Auditing the Fed

on Saturday, September 3, 2011

I read an article today in support of full government-audits of the Fed, as per the suggestions of various conservative and libertarian thinkers.

It's always amusing to see people who generally believe in "fighting for lower taxes, less government and freedom" make arguments in favor of more government intrusions into private business.

An audit of a private business is no more the answer to this problem than auditing the American Medical Association. The problem isn't that government isn't involved enough in the business of currency production; the problem is that they are already so involved that they gave them a monopoly in 1913.

Remove that monopoly! Don't improve it by making the Fed a true government capture. Does anyone really think it's best if the government itself runs the central bank?


Why Warren Buffett Supports Higher Taxes

on Thursday, September 1, 2011

Buffett has spoken in the past about the benefits of a death tax, and has said that he thinks the death tax should be 100%. It just so happens that a 100% death tax would be one of the most profitable changes in American law for Mr. Buffett.

Berkshire Hathaway owns owns six life insurance companies. Life insurance companies make a good portion of their income by helping wealthy people shelter their income from the death tax. They can do this because insurance payouts are not considered part of an estate and are paid tax-free to heirs. So Buffett's job is to accept a wealthy man's money and agree to pay it all back to his family upon his death, for a fee.

Buffett also profits from a high death tax by purchasing family businesses at fire-sale prices upon the death of the owner. If the family must pay a 55% death tax on the estate, based on the value of the business, they become desperate to sell (the taxes must be paid within one year of death) and Buffett is right there waiting.

So far he has purchased many companies because of the death tax, including: Star Furniture, Borsheim, Ben Bridge Jewelers, U.S. Liability, NetJets, R.C. Wiley, Flight Safety and Nebraska Furniture Mart.

So the bigger the death tax, the richer Buffett becomes; benefiting from the front end (before death) and the backend for those who fail to pay his companies the appropriate protection money. Either way, a rich business owner needs Mr. Buffett's help, and the bigger the death tax becomes, the easier it becomes for the Oracle of Omaha to rape and pillage the innocent families of dead men.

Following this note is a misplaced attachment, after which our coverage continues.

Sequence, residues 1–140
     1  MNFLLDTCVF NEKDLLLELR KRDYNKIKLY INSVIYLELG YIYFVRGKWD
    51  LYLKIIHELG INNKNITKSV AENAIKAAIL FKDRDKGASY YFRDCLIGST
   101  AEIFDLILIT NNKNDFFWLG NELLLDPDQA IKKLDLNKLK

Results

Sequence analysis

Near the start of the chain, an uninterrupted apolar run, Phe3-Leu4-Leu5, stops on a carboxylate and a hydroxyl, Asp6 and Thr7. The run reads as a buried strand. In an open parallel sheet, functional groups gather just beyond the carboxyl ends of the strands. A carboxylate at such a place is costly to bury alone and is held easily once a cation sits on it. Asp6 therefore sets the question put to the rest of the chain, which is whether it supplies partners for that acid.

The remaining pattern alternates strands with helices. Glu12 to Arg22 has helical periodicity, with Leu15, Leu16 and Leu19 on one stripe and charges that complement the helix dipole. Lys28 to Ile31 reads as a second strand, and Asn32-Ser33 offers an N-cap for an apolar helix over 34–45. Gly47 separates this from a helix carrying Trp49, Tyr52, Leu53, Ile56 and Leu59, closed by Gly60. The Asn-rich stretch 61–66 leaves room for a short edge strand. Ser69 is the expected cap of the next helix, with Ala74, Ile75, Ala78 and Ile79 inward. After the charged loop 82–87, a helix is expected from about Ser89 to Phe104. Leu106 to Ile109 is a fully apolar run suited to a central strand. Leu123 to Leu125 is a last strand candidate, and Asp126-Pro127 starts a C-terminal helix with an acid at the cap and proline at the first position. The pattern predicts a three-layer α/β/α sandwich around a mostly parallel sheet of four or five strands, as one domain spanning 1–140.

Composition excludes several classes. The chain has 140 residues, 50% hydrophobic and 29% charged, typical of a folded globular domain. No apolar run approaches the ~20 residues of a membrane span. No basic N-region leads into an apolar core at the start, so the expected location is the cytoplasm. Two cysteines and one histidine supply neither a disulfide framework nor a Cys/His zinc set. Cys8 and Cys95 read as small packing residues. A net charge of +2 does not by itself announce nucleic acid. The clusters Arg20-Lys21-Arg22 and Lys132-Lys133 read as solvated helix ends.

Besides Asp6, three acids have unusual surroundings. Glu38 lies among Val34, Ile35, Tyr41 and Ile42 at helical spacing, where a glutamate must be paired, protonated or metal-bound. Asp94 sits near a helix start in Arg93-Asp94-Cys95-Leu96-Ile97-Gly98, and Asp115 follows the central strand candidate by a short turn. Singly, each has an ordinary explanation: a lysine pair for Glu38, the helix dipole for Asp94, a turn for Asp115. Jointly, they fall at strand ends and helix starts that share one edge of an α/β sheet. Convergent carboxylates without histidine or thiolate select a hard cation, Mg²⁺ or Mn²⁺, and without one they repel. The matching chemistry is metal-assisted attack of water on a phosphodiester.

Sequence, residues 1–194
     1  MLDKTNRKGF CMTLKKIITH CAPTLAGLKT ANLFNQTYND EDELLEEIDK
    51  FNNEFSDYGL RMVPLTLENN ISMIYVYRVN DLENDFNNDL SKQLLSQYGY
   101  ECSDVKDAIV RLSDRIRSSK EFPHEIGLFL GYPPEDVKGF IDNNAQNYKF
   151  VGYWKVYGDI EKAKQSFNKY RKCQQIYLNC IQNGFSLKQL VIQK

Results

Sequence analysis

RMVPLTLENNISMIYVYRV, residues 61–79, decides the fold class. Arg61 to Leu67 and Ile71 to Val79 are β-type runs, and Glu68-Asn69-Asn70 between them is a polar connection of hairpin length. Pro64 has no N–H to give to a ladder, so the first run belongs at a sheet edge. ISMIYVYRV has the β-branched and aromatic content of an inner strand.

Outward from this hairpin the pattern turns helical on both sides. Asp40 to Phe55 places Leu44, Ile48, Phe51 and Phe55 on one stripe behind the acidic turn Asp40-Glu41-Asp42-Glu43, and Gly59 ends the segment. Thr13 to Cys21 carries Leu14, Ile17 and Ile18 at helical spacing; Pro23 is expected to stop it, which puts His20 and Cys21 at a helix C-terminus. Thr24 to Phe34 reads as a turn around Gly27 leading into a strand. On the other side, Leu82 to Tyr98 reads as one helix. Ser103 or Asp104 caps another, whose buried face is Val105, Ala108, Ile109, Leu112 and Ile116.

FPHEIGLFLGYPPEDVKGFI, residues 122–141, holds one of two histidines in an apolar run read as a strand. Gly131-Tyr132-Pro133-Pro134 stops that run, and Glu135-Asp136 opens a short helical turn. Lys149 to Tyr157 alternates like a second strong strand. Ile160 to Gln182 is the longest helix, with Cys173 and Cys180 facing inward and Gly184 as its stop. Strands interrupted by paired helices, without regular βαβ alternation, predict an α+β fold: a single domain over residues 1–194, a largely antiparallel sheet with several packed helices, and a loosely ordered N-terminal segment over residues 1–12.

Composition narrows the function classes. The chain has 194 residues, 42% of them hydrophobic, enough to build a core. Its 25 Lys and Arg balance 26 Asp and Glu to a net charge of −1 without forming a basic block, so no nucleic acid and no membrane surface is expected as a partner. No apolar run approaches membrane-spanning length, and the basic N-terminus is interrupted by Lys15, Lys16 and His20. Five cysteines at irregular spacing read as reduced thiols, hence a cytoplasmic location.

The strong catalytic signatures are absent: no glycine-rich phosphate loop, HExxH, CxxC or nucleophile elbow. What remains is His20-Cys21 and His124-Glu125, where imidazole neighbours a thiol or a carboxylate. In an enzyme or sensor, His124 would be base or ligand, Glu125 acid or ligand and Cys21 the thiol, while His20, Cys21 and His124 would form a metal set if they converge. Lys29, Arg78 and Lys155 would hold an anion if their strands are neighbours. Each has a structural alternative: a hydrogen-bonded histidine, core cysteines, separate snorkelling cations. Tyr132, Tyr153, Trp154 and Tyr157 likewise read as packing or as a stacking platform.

Perhaps we should take comfort in knowing that he isn't alone; life insurers spend about $10 million per month lobbying in favor of the death tax.

Steven Pinker on Capitalism and Human Nature


QUESTION: Do you think the economic organization we call capitalism is conducive to the human intuitions of fairness and reciprocity that you outline?

STEVEN PINKER: Probably not – these intuitions are probably tuned to face-to-face, tit-for-tat exchanges, not the complex web of highly indirect transactions that make up a market economy. People seem to have a sense, for example, that interest is inherently exploitative (since you don’t get anything tangible for the interest payments), as are markups by middlemen (since they seem to be parasites), even though economies cannot function without them. The result has been economically ruinous policies such as the prohibition of interest, and recurring episodes of discrimination, expulsion, and genocides against middleman minorities such as the overseas Chinese in Indonesia, the Indians in Africa, and the Jews in Europe. I suspect that you meant the question as an indictment of market economies, but my answer is an indictment of human intuition! I think people should all take economics courses to understand how economies really function and get over the simplistic intuitions that evolution gave us.

QUESTION: Do you think that within this economic system the tendency to dominate and exploit weaker peoples will always be a logical corollarly — “imperialism is the highest stage of capitalism” etc…

STEVEN PINKER: History shows us that the tendency to dominate and exploit is far greater with communism than with capitalism (at least the democratic capitalism of Europe and the US). The reason, I think, is that people only contribute altruistically to the good of others if they perceive them to be kin or close community. Otherwise you either have to motivate them by profit (capitalism) or by coercion (communism). As bad as the profit motive may seem, it’s much better than the Gulag, the killing fields, and the “cultural revolution.”

Read the full interview here